[Sunday - 05/02/99] On our way back from Dumbarton Rock, we stopped at Loch Lomond and ate lunch at The Hungry Monk. We then continued north of Edinburgh to visit one of Scotland's more interesting claimants to a Court of King Arthur, Stirling Castle.
The chronicler William of Worcester, writing in 1478, says that Arthur kept the Round Table at Stirling Castle. Another medieval reference by Scottish poet Sir David Lindsay mentions Stirling Castle's 'Chapell-royall, park, and Tabyll Round' and it's those legends that drew us here this morning. While the Castle itself was marvelous and can legitimately claim itself as a possible location for an Arthurian Court, it was the King's Knot (next page) which lies on the fields below the medieval Castle that attracted us.
Stirling Castle dates from the 12th century and occupies a prominent position in the history of Scotland. Secure on its volcanic outcropping, it was witness to William Wallace's victory over the English at Stirling bridge in 1297. Stirling Castle also played a part in the defeat of the English at Bannockburn by Robert the Bruce in 1313.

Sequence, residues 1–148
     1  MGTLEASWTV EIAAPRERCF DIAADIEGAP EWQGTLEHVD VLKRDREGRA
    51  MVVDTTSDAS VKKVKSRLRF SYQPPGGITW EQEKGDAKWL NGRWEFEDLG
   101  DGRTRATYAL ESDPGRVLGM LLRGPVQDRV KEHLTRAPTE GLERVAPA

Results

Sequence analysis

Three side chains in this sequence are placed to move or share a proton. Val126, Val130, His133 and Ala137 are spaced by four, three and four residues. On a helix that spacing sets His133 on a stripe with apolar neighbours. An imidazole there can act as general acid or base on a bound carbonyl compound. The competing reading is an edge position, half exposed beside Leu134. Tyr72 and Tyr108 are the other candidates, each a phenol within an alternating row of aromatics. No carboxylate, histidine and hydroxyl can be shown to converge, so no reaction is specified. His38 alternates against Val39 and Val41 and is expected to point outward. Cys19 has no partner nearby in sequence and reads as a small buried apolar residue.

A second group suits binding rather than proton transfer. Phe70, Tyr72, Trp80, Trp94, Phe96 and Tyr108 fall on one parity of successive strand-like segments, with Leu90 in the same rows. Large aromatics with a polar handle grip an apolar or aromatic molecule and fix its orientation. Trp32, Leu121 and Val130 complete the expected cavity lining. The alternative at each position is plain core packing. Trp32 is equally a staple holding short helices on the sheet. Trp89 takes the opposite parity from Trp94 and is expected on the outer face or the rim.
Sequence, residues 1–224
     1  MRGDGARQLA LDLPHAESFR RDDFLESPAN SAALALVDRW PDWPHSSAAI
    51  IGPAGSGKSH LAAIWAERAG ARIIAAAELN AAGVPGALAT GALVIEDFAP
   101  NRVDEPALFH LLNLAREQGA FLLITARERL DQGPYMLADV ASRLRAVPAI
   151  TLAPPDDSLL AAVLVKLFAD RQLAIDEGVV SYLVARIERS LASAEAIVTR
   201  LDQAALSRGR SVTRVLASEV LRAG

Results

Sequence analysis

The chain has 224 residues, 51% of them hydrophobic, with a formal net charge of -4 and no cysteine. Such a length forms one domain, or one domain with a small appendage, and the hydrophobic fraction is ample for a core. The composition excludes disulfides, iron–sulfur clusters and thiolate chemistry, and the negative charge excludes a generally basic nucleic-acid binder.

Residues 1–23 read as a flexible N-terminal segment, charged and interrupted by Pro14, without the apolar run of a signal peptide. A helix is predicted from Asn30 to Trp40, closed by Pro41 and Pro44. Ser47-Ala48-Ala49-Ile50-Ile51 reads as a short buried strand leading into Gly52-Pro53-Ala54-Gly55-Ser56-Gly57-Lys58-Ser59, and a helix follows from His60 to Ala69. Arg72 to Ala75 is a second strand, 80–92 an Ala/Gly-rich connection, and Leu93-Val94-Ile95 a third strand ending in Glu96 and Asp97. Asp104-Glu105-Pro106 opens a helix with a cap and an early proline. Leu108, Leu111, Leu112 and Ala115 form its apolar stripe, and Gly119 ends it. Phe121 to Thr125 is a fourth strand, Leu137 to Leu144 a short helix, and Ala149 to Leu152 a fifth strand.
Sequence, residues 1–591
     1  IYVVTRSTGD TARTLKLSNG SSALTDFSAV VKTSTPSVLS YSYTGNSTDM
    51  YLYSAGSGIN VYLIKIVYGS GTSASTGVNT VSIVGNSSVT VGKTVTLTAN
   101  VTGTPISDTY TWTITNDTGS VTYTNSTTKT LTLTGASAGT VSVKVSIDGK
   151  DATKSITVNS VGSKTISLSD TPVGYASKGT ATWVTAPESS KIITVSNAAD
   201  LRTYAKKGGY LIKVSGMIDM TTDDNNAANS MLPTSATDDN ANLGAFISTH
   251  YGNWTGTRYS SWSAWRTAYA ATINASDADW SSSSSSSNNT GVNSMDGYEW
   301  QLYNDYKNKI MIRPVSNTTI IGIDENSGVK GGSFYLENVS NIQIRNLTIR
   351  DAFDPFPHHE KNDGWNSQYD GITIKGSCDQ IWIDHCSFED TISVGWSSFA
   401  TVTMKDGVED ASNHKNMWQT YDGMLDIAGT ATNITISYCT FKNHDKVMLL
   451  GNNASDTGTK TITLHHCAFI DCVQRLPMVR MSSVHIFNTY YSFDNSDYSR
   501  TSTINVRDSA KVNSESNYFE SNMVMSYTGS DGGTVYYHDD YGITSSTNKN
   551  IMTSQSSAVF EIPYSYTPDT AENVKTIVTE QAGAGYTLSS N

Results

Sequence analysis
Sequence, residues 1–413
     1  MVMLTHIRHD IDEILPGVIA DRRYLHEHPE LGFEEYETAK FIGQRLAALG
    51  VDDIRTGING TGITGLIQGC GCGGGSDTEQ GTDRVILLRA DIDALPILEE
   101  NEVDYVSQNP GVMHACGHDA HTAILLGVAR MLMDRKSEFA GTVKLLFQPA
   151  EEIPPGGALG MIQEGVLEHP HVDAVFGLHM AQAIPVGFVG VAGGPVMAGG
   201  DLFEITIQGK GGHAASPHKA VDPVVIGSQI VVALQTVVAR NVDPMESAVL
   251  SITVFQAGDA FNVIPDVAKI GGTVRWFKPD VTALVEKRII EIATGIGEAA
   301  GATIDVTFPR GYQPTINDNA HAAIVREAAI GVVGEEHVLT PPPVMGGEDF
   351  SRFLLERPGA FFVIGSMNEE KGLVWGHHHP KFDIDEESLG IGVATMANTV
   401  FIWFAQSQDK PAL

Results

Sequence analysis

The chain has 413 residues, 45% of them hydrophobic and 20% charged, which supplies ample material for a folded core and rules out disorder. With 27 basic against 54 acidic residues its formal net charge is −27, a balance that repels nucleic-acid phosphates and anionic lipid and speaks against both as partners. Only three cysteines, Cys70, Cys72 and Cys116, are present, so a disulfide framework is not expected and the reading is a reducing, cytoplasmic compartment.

Stirling Castle continued to provide a setting for dramatic events in Scottish history over the succeeding centuries. In 1452, William, 8th Earl of Douglas, was murdered by James II and his mutilated corpse thrown from a window. Mary Queen of Scots was coronated in the Chapel in 1543. Bonnie Prince Charlie laid siege to Stirling in 1746 but failed to take it.
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